Missed Child Abuse
A 7-year-old girl was brought to the ED by her mother for discomfort with urination. The patient was otherwise healthy, up-to-date on all of her immunizations, and without any other complaints. Her vital signs were normal, and the physical examination was unremarkable. Although the chart did not reflect that a genitourinary examination was performed, the emergency physician (EP) stated that he had performed one.
A urinalysis was obtained, which was consistent with a bacterial infection. The patient was diagnosed with a urinary tract infection (UTI), prescribed an antibiotic, and discharged home with appropriate instructions.
Approximately 11 months later, it was discovered that the patient and her older sister were victims of sexual abuse by their 17-year-old stepbrother. Apparently, the abuse had started several months prior to the patient’s ED visit. The mother sued the EP and hospital for failure to recognize the signs and symptoms of sexual abuse. The plaintiff argued the child and mother should have been questioned about the possibility of sexual abuse, and that a more detailed physical examination would have shown evidence of abuse. The defense argued that the child’s presentation did not suggest sexual abuse; a defense verdict was returned.
There are no reliable estimates of the incidence of pediatric sexual abuse in the United States. According to the most recent US Department of Health and Human Services Child Maltreatment Report, approximately 62,936 cases of child sexual abuse were reported in the United States in 2012, representing 9.3% of the total number of reported maltreatment cases that year.1 A meta-analysis of 22 US-based studies using national, local, and regional sampling found a much higher rate. This data suggest that 30% to 40% of girls and 13% of boys experienced sexual abuse during childhood.2
For EPs, sexually abused pediatric patients usually present in one of two ways: they are presented by a caregiver based on a suspicion or a disclosure of sexual abuse; or, in the more difficult presentation, they are brought in for evaluation of symptoms related to the genitourinary system or rectum. Such symptoms include vaginal discharge or anal or vaginal bleeding, and the presence of a sexually transmitted infection or UTI. While UTI is frequently listed as a potential sign of sexual abuse in children, there are no good data to demonstrate its frequency. Compounding this problem is that approximately 3% of girls and 1% of boys in the general population are diagnosed with a UTI prior to the onset of puberty.3 Interestingly, though most texts and articles discussing pediatric sexual abuse usually include UTI as a potential sign of abuse, reviews of UTIs in pediatric patients seldom include a discussion of sexual abuse as a potential etiology.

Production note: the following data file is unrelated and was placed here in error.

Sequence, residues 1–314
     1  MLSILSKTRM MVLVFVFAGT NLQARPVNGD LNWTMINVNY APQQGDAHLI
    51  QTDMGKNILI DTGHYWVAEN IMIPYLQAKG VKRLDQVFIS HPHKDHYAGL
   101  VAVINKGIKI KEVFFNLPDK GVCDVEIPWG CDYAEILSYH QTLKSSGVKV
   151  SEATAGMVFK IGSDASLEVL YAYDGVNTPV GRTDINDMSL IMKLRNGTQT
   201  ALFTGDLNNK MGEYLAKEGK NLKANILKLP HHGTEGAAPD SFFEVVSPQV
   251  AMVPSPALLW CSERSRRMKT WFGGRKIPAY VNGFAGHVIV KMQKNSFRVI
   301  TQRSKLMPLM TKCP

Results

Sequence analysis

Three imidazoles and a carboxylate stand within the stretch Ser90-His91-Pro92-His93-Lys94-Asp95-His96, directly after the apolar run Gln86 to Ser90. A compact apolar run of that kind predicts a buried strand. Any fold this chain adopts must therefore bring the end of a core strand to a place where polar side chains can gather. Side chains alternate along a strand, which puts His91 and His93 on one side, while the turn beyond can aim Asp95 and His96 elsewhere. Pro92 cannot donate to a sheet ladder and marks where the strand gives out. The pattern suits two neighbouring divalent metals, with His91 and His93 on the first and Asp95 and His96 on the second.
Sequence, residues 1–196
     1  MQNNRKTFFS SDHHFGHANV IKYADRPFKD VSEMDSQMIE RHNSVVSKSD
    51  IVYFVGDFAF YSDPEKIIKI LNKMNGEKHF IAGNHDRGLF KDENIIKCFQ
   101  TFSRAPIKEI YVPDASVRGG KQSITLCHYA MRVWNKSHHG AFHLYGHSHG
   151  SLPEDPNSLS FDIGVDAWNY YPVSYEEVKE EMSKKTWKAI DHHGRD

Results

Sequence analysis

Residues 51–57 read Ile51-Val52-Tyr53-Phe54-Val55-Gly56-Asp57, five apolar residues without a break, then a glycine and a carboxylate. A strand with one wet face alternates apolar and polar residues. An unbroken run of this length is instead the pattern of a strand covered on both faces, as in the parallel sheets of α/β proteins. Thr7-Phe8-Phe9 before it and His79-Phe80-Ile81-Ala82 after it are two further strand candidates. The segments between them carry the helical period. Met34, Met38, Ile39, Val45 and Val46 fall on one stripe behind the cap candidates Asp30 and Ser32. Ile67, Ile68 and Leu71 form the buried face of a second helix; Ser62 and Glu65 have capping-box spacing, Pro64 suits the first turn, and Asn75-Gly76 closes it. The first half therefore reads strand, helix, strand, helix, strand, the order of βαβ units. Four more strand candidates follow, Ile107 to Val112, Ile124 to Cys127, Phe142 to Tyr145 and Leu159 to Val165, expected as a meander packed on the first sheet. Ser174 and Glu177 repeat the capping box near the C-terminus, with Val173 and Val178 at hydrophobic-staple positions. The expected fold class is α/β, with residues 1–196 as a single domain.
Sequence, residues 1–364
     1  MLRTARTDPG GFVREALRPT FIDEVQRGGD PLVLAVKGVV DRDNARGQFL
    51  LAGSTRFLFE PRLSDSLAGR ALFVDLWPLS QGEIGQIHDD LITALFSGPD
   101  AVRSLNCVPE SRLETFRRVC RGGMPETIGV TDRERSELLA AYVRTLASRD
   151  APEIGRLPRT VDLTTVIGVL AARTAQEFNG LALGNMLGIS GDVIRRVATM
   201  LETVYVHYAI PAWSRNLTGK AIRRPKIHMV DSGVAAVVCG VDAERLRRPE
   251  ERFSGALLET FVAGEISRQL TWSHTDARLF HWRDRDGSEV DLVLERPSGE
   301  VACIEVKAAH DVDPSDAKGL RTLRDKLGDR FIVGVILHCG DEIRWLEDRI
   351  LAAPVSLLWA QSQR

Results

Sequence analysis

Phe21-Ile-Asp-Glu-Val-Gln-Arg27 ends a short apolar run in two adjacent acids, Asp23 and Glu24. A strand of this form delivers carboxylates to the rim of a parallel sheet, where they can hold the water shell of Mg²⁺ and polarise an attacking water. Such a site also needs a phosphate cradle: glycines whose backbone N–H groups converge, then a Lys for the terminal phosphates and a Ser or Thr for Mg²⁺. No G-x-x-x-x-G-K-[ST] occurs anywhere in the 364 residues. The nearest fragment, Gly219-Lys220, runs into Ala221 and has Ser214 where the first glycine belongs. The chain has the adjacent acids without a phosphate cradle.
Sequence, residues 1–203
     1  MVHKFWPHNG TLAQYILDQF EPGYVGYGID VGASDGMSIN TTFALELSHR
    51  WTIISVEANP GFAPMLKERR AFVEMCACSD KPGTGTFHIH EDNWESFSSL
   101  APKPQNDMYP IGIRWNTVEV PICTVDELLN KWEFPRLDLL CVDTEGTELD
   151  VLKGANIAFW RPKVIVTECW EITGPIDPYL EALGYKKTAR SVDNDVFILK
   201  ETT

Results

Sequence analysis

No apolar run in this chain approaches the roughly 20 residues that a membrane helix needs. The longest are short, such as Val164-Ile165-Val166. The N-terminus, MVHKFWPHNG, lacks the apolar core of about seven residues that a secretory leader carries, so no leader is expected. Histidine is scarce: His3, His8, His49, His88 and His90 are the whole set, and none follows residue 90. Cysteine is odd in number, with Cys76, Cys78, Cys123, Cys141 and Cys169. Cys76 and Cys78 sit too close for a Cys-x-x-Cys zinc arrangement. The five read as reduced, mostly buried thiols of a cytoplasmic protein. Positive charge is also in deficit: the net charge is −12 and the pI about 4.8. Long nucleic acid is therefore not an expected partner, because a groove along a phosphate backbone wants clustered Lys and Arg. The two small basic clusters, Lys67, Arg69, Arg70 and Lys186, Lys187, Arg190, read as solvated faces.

Emergency physicians must therefore maintain a high index of suspicion when evaluating a pediatric patient with a genitourinary or rectal complaint. If the child is old enough to give a history, the caregiver(s) should be asked to leave the room and the patient questioned directly about improper touching, physical activity, etc. The genital and perianal areas should be visually inspected. In general, a speculum examination is not necessary unless vaginal penetration is suspected or the patient is an older adolescent. The majority of pediatric patients can simply be examined in the supine, frog-leg position.
Physical signs of penetration include the presence of concavities (hymen notches), especially at the 6 o’clock position. In addition, irregularities in the hymen contour may be associated with prior injury. More obvious signs of sexual abuse include the presence of warts (condyloma acuminata or lata), vesicles, ulcers, bruising, or vaginal discharge.4 It is important to remember that the absence of physical findings does not exclude sexual abuse.
Laboratory testing of suspected victims of sexual abuse should include cultures of the vagina and rectum for gonorrhea and chlamydia, and throat cultures for gonorrhea.4 Additional testing should be based on the history and physical examination.
When an EP suspects child abuse, he or she must contact child protective services and/or law enforcement agencies, as required by law. It is imperative that the child be placed in a protected environment immediately; on occasion, this may require hospital admission.
This case emphasizes the need for EPs to at least consider sexual abuse in the pediatric patient with a genitourinary or rectal complaint.
Methadone Overdose: Intentional or Not
A 19-year-old woman presented to the ED via emergency medical services (EMS) unresponsive with shallow respirations. She had been found in her home by her grandmother. The paramedics brought the patient’s prescription medications to the ED, which included methadone, morphine, and naproxen. Reportedly, these medications had been prescribed by the patient’s family practitioner for chronic neck pain.